BPEA | 1989 No. 1

Assessing the Federal Reserve’s Measures of Capacity and Utilization

discussants: Lawrence H. Summers and
Lawrence H. Summers Charles W. Eliot University Professor and President Emeritus - Harvard University
Robert J. Gordon
Robert Gordon Headshot
Robert J. Gordon Stanley G. Harris Professor of the Social Sciences - Northwestern University

1989, No. 1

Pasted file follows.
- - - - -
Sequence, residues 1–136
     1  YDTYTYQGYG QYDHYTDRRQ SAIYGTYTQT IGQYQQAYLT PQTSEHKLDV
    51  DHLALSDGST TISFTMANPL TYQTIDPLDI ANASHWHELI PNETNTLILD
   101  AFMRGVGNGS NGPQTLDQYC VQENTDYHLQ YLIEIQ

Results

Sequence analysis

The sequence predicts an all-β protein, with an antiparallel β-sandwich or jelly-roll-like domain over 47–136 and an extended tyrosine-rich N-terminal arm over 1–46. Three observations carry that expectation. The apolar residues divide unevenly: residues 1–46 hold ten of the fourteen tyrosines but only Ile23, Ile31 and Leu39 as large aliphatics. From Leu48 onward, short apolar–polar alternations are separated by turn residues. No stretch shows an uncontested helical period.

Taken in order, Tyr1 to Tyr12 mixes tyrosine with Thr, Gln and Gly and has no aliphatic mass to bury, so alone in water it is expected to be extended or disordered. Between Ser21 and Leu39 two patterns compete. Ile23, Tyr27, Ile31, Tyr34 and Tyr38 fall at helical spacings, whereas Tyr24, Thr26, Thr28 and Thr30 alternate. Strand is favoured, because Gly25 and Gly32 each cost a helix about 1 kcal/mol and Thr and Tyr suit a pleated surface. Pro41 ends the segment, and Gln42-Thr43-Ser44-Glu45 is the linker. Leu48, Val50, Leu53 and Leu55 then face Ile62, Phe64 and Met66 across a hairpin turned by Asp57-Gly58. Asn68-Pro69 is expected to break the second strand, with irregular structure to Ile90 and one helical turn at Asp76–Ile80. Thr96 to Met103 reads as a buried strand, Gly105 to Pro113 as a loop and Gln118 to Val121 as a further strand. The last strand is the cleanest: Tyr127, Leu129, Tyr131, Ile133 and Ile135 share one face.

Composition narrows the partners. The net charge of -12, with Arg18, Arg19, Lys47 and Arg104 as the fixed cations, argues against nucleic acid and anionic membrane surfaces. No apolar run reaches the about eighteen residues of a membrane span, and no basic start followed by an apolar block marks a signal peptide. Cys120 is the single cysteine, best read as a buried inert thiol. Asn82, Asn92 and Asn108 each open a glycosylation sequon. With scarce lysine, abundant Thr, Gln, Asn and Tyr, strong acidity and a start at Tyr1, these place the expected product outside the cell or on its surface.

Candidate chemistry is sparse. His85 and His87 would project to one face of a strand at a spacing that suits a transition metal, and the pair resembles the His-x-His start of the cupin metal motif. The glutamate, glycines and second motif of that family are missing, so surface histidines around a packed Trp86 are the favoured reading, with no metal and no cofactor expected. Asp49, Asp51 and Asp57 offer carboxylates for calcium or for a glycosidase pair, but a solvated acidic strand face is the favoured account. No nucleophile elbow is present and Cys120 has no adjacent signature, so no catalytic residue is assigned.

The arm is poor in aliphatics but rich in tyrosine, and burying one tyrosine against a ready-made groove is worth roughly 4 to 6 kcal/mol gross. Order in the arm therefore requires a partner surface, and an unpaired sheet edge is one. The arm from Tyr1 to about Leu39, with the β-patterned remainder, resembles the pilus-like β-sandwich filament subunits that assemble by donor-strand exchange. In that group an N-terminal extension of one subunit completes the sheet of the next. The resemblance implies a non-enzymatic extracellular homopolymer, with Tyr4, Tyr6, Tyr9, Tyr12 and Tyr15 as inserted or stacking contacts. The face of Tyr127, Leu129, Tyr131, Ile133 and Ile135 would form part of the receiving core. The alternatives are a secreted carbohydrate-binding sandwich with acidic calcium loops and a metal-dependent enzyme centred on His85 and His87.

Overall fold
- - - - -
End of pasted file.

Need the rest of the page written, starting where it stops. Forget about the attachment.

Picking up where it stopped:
IN LATE 1988, capacity utilization in U.S. industry reached its highest level since early 1979. As measured by the Federal Reserve Board, capacity utilization in manufacturing industries was 84.6 percent in December 1988, a dramatic increase from the 70.3 percent trough of the 1982 recession. The 84.6 percent rate exceeds the postwar average by about a standard deviation, yet is still more than a standard deviation below the postwar maximum. These relatively high and increasing rates of capacity utilization have, at least in some quarters, been taken as a signal that the long expansion that began in 1983 is drawing to its inevitable close. To some observers, moreover, higher utilization suggests a risk of accelerating inflation and the need for caution on the part of the Federal Reserve Board. Specifically, high measured capacity utilization is taken as a sign that the decomposition of nominal output growth into real growth and inflation has grown less favorable and that contractionary monetary policy is in order.